Some DPC thought leaders seem barely able to engage in a good faith discussion. In a twitter thread in May 2020, one in which seven DPC Alliance leaders participated and argued that DPC was enduring COVID far better than FFS, I pointed out that documents linked on DPC Alliance’s own website showed that DPC docs had taken PPP loans at a 67% higher rate than their FFS counterparts. One of those Board members replied:
All I can say is none of the 20 or 30 DPC docs I’ve chatted with in last m (sic) 6 weeks have had any financial issues. In fact, they are all adding patients. But that’s probably not scientific enough for you. The Alliance hasn’t heard from any DPC docs to date struggling due to COVIDhttps://twitter.com/docshanep/status/1264261183495901184?s=20
Less than six weeks previously, that same fellow’s own two doctor clinic had taken its own six figure PPP loan. Over half of the DPC docs participating in the thread had done likewise, swearing under penalty of law that economic uncertainty required the loan to maintain operations.
But it gets worse, a lot worse.
In early 2017, Paladina’s Union County clinic bragged a $1.28 Million, 23% annual DPC savings. It emerged just in time to take to become the principal poster child of the DPC movement. In May of 2020, however, the game-changing Milliman brought the tools of actuarial science, risk adjustment most prominently, to bear in an independent study of the cost-effectiveness of that very clinic. The results were not pretty.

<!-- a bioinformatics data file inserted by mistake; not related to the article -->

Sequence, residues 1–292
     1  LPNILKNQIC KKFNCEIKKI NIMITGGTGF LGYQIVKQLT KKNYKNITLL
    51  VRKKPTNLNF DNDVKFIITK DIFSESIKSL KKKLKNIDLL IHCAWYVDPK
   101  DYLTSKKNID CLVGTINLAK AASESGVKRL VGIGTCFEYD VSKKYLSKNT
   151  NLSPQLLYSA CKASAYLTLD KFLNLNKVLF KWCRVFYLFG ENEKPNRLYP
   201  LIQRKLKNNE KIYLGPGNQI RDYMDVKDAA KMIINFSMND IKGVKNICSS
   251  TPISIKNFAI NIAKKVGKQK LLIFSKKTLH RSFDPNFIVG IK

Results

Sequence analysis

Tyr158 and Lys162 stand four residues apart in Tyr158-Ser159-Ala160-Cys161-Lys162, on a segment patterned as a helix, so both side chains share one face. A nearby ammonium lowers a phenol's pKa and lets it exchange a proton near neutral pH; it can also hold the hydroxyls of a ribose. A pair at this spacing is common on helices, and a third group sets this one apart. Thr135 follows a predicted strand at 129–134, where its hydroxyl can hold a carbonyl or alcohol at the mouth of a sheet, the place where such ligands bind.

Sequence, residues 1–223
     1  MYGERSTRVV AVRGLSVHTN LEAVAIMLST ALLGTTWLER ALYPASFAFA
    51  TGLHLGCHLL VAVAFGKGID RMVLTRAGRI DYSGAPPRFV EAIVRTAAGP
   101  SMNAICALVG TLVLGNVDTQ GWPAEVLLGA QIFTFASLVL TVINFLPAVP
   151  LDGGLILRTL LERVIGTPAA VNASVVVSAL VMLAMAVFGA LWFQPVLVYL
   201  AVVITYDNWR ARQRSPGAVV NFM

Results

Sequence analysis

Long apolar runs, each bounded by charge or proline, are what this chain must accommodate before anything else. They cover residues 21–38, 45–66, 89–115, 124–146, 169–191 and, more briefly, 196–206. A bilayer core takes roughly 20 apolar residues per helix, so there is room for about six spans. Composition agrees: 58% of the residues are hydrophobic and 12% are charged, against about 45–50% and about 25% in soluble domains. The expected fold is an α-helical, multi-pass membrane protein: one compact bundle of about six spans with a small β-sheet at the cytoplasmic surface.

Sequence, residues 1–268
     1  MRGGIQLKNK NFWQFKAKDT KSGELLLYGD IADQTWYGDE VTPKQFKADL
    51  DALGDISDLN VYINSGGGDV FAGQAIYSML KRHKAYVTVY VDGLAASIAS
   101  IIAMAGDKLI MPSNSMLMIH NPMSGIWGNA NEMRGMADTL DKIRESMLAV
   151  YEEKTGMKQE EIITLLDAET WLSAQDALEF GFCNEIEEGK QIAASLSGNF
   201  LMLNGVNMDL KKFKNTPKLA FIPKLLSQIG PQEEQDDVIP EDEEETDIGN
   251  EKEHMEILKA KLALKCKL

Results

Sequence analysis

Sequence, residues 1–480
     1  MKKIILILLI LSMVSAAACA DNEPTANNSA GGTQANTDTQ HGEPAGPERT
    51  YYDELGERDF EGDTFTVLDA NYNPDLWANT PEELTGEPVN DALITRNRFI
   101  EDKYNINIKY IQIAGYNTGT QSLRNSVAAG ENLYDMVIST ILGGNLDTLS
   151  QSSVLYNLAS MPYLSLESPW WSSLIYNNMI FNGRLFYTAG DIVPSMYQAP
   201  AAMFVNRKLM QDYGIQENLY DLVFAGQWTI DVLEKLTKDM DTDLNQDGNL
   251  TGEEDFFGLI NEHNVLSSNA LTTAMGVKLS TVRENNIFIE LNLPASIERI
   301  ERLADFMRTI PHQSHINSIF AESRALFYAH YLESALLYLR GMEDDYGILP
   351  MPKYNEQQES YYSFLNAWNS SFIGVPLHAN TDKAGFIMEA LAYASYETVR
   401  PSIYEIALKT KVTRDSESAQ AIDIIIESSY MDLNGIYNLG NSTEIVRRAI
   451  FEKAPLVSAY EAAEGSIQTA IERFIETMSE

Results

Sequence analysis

The Milliman study kicked firmly to the curb ALL prior studies, including the prior Paladina study, for want of proper risk adjustment. In fact, the Milliman study found that a claims cost adjustment of 36% was required to account for the health differences between the studied Union County populations, more than enough to swamp Paladina’s 23% savings claims that had been based on raw unadjusted data. The Milliman team made plain as day its estimate that Paladina’s Union County clinic program had not produced any significant cost savings for the county.
The Milliman team admonished that:
It is imperative to control for patient selection in DPC studies; otherwise, differences in cost due to underlying patient differences may be erroneously assigned as differences caused by DPC. Grzeskowiak and Busch, What our study says about Direct Primary Care
This admonition might have had a useful, if sobering, effect on direct primary care, if the DPC community were actually interested in advancing the movement based on the skills of its medical doctors rather than on the proficiency of its spin doctors.
A few months after the Milliman report was published, Nextera blazed an interesting path in coping with the risk-adjustment imperative.
“KPI Ninja brought in the Johns Hopkins research team that has significant expertise in what is called population risk measurement. . . . We took that extra step and brought on the Johns Hopkins team that has this ability to run analysis. It’s in their wheelhouse and they applied that . . . [The] Johns Hopkins Research Team did the risk analysis[.] Nextera presentation at 2020 Hint DPC Summit meeting.
“We were not directly involved in this analysis.” Associate Director, HopkinsACG.org.
Not only was there no academic team involved in Nextera’s deeply flawed study, which fraudulently bragged at the 27% level, no risk adjustment was actually performed. It was an heroic charade.
Paladina understood at once that they had to launch their own charade, which appeared on its website a few months later. After coupling Paladina’s own lip service to risk adjustment to performative praise of the Milliman study, Paladina’s spin doctor went on to declare that “Paladina Health’s Union County client, the employer case study featured in the Milliman report, also prospered from adopting the direct primary care model. . . . Union County taxpayers saved $1.28 million in employee health care costs . . .. 23% . . ..” No matter that the Milliman team had actually exploded that very conclusion.